Search All of the Math Forum:
Views expressed in these public forums are not endorsed by
Drexel University or The Math Forum.


Virgil
Posts:
9,012
Registered:
1/6/11


Re: Matheology � 176
Posted:
Dec 10, 2012 3:34 PM


In article <c293798d5b7e4ebaa4df6332461dc681@f19g2000vbv.googlegroups.com>, WM <mueckenh@rz.fhaugsburg.de> wrote:
> Matheology § 176 > > Here's a paradox of infinity noticed by Galileo in 1638. It seems that > the even numbers are as numerous as the evens and the odds put > together. Why? Because they can be put into onetoone correspondence. > The evens and odds put together are called the natural numbers. The > first even number and the first natural number can be paired; the > second even and the second natural can be paired, and so on. When two > finite sets can be put into onetoone correspondence in this way, > they always have the same number of members. > > Supporting this conclusion from another direction is our intuition > that "infinity is infinity", or that all infinite sets are the same > size. If we can speak of infinite sets as having some number of > members, then this intuition tells us that all infinite sets have the > same number of members.
Intuition is an unreliable source of truth, as demonstrated by Cantor's prof that not all infinite sets are bijectable. > > Galileo's paradox is paradoxical because this intuitive view that the > two sets are the same size violates another intuition which is just as > strong {{and as justified! If it is possible to put two sets A and B > in bijection but also to put A in bijection with a proper subset of B > and to put B in bijection with a proper subset of A, then it is insane > to judge the first bijection as more valid than the others and to talk > about equinumerousity of A and B.}}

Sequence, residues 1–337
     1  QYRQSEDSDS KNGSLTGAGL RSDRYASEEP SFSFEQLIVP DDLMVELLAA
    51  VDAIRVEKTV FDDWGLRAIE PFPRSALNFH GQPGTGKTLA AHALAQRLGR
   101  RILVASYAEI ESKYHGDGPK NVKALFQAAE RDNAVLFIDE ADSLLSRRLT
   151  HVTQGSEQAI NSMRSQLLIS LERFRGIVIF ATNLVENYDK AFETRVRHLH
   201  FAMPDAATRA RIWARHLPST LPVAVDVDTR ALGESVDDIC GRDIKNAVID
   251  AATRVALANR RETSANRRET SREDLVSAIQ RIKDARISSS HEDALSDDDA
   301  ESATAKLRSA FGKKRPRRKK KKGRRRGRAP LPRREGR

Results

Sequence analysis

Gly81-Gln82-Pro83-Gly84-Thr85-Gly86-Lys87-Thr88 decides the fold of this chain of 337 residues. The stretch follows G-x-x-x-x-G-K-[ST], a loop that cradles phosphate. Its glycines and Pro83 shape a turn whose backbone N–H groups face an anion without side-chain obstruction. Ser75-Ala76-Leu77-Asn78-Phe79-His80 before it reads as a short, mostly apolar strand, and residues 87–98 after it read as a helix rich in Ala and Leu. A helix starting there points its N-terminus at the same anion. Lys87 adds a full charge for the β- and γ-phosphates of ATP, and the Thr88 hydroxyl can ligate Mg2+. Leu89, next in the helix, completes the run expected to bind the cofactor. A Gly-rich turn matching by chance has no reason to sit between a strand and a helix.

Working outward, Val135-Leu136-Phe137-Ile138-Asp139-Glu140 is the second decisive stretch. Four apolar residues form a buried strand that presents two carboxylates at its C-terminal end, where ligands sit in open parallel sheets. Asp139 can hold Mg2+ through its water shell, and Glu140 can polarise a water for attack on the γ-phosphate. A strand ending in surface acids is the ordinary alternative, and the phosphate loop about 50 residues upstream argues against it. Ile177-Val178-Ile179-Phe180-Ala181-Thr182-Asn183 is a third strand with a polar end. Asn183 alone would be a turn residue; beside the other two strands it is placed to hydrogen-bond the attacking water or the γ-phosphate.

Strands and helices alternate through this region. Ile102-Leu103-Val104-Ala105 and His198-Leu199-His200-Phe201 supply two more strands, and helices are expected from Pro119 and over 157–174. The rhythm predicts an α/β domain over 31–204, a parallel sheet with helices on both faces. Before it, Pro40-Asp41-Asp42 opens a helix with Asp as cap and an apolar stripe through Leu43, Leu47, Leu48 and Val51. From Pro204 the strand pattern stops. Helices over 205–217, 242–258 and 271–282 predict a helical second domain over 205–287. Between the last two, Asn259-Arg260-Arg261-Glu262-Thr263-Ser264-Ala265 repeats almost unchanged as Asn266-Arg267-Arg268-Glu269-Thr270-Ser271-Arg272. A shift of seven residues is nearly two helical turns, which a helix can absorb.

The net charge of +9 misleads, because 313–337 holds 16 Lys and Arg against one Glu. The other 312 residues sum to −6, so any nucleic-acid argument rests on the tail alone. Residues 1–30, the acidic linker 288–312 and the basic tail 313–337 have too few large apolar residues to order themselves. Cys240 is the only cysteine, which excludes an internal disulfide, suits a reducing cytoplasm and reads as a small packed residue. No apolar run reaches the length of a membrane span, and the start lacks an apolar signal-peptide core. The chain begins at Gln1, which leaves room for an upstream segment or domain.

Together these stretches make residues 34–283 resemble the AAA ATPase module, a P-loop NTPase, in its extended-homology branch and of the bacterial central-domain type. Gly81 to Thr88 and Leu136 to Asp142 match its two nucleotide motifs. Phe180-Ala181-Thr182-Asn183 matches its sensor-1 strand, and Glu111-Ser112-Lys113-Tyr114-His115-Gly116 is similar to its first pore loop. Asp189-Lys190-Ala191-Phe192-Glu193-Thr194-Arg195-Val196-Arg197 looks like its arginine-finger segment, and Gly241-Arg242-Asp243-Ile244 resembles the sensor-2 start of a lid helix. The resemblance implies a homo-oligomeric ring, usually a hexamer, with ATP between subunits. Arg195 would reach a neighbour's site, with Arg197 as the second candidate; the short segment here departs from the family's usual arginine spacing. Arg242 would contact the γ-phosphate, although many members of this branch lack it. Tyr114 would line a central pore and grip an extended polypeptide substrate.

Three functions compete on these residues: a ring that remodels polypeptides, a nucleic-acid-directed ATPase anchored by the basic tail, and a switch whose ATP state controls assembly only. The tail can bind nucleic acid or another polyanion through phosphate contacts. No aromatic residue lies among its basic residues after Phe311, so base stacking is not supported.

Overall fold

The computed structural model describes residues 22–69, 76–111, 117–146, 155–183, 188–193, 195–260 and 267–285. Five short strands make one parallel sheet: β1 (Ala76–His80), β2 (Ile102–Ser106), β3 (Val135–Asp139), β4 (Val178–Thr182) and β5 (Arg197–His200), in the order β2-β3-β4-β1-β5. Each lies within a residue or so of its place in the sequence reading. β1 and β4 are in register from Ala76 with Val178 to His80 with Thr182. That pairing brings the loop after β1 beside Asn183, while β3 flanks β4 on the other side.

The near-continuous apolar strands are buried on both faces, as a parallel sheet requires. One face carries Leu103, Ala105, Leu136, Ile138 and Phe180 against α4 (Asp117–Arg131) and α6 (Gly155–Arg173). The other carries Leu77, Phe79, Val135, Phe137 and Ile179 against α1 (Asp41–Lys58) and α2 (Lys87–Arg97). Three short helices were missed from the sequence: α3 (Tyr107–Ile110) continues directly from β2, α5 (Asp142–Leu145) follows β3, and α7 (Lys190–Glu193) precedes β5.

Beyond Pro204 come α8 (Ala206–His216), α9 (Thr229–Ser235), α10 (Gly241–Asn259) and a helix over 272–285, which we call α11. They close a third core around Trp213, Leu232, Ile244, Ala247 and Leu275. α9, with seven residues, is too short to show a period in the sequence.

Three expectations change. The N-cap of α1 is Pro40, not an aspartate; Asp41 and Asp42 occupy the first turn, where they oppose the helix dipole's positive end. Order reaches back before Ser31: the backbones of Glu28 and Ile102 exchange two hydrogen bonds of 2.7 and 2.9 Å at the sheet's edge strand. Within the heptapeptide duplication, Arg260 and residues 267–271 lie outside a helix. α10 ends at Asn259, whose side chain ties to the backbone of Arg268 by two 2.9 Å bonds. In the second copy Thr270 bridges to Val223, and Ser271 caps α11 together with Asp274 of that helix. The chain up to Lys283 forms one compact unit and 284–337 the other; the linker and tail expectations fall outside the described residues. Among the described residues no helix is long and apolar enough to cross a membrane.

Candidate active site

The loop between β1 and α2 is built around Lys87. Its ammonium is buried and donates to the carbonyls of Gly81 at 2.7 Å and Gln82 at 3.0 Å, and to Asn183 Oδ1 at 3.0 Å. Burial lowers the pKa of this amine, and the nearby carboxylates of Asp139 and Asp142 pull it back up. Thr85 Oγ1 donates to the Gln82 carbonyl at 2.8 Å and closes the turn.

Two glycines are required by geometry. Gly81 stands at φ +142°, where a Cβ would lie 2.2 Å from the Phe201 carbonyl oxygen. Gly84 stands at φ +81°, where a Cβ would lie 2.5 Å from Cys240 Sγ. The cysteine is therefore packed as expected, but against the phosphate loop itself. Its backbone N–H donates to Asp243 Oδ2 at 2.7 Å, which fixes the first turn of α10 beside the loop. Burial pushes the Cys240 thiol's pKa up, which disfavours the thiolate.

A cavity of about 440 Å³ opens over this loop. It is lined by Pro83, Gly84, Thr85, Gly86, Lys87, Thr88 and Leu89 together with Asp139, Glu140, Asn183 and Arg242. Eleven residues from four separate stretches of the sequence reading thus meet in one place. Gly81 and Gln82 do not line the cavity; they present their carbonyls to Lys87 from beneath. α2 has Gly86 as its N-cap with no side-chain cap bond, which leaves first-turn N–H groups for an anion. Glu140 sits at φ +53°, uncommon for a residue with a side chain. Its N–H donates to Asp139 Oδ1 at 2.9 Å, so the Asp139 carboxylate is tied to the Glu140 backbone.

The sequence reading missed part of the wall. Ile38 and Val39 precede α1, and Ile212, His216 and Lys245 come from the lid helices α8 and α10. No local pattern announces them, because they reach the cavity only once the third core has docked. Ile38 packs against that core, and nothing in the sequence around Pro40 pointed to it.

Then go by injections which works well for both finite and infinite sets: Size(Set A) <= Size(Set B) if and only if A can be injected into B. And if Size(Set A) <= Size(Set B) and Size(Set B) <= Size(Set A) then Size(Set A) = Size(Set B) > > [Peter Suber: "Infinite Reflections", St. John's Review, XLIV, 2 > (1998) 159] > http://www.earlham.edu/~peters/writing/infinity.htm#galileo > > Regards, WM